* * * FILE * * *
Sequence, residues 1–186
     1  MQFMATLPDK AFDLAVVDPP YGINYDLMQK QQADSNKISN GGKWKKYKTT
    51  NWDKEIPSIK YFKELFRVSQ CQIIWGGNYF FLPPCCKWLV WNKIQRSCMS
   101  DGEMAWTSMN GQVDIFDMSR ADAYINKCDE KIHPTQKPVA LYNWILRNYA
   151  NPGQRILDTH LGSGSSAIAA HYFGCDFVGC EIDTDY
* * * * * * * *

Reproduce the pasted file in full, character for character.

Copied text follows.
Sequence, residues 1–186
     1  MQFMATLPDK AFDLAVVDPP YGINYDLMQK QQADSNKISN GGKWKKYKTT
    51  NWDKEIPSIK YFKELFRVSQ CQIIWGGNYF FLPPCCKWLV WNKIQRSCMS
   101  DGEMAWTSMN GQVDIFDMSR ADAYINKCDE KIHPTQKPVA LYNWILRNYA
   151  NPGQRILDTH LGSGSSAIAA HYFGCDFVGC EIDTDY